He also threatened to file a so-called Bubba motion, Merritt said. "Bubba" is a term Gough used to describe white men older than 40 who do not have a college degree. He said the jury needed more Bubbas.
"He's making these absurd motions, and the goal, I think, in part, is to intimidate the family," Merritt said. "Most of his motions have been directed at the family of the victim in the case. And so, I think the other part is that he knows that he'll get a reaction from the Black community."
The Rev. James Woodall, the former state president of Georgia's NAACP chapter who has closely watched the trial, said Gough's challenge of the presence of prominent civil rights leaders in the courtroom "is a desperate attempt to make it appear that the defendants are not being given a fair trial."
He said he agreed with the court that "such references have no place in judicial proceedings and are reprehensible."
Woodall, a public policy associate at the Southern Center for Human Rights who has met Arbery's family, said he was not surprised by Gough's behavior.
"This is a highly publicized trial in a small, rural community," Woodall said. "Emotions are high, and the stakes are higher."
Gough, who did not return multiple phone and email requests for an interview, earned his law degree from the University of Georgia. He grew up on Long Island in New York and was elected multiple times as the chair of the Republican Party in Glynn County.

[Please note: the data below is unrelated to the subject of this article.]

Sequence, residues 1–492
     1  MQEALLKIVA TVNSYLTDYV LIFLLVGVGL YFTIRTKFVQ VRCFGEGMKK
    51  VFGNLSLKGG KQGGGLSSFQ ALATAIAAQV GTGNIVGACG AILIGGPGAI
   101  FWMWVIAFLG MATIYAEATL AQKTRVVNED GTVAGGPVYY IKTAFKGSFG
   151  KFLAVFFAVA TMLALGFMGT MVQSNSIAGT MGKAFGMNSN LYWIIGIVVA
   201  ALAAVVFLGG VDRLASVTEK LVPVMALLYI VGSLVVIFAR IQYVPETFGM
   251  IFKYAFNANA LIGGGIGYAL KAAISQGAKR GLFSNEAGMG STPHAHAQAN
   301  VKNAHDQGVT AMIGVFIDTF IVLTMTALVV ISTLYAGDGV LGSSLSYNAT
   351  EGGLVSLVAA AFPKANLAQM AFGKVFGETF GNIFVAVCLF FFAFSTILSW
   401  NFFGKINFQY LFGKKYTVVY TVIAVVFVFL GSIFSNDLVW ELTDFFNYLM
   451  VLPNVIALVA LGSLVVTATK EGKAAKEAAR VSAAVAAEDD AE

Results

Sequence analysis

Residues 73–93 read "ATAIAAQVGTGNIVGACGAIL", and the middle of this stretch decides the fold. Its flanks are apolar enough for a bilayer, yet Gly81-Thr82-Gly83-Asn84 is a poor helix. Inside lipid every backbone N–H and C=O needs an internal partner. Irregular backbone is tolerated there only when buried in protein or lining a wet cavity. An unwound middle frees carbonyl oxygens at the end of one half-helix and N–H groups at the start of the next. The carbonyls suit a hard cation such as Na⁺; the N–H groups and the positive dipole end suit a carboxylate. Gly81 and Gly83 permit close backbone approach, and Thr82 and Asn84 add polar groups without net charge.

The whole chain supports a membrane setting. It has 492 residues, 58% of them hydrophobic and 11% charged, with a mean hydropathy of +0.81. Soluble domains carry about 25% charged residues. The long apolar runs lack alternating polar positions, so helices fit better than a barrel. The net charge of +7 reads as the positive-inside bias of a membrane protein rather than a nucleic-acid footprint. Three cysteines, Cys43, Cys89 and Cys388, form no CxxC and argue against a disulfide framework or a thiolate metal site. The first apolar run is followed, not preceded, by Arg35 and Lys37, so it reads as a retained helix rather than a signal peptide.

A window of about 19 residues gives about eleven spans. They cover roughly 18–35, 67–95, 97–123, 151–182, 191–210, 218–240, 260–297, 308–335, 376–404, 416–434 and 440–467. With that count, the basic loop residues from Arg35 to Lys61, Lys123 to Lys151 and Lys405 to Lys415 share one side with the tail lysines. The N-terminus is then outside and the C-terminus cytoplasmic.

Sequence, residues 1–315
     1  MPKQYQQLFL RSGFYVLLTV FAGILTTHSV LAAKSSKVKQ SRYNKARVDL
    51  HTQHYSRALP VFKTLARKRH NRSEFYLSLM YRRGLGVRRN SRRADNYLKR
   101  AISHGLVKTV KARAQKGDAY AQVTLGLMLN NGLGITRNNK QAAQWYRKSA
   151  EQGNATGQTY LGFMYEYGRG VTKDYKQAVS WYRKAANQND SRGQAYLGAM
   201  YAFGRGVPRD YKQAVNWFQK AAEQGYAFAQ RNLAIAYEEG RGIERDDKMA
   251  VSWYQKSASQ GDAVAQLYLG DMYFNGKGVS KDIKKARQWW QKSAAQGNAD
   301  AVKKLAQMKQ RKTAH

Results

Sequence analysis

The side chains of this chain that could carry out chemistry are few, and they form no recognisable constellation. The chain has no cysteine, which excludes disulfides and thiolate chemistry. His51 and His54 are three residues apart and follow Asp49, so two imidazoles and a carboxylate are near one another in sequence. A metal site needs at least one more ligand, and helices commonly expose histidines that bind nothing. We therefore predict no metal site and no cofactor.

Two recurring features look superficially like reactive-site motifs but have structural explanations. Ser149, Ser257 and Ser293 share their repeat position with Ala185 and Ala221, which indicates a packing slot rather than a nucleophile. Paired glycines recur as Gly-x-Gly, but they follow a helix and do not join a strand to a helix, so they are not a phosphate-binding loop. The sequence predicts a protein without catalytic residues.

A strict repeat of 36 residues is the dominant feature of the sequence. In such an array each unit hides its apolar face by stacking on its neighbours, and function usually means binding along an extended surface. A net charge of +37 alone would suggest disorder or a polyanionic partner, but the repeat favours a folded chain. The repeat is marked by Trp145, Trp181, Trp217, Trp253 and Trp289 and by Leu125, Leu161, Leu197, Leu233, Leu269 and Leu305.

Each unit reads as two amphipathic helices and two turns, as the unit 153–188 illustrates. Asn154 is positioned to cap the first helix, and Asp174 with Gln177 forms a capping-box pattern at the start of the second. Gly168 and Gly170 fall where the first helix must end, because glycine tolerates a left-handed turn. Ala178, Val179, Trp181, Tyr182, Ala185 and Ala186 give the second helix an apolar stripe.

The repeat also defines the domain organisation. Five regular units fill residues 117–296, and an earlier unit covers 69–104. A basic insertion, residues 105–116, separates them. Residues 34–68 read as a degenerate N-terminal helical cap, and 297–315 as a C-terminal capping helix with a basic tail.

In 2012, he became the Brunswick Judicial Circuit public defender. He was fired from that role in April 2016 for a host of reasons including having been "derelict" in his duties as a circuit public defender, refusing to abide by the agency's directions and not representing his clients appropriately, according to his letter of removal from Bryan Tyson, who was then the executive director of the Georgia Public Defender Council.
"Your own agenda has overshadowed any other issues that may exist," the letter said.
Tyson described the Brunswick office as one with a culture of "fear and intimidation," according to statements during Gough's appeals hearing.
Henderson said he didn't have high hopes for Gough after the attorney suggested his client wasn't smart enough to speak on his own behalf during an interview with CNN's Chris Cuomo last year. Bryan had not yet been arrested.
"My client is a mechanic with a high school education, and if you've ever been to the high schools around here, that's not necessarily saying much, OK?" Gough said at the time. "And I don't mind if the board of education doesn't like it."
Henderson said he walked away thinking "that's the worst that I've ever seen a lawyer do representing their client in terms of how he presented him to the point of insulting his client's intelligence and his education."
Gough has only gotten more offensive as the trial has gone on, Henderson said.
He said he believes Gough is picking up on "the fact that attention is being turned on to the case in a way that could be detrimental to his client because people are demanding justice."
"He simply doesn't know how to talk about race, which is a problem that America has and has had, period," Henderson said.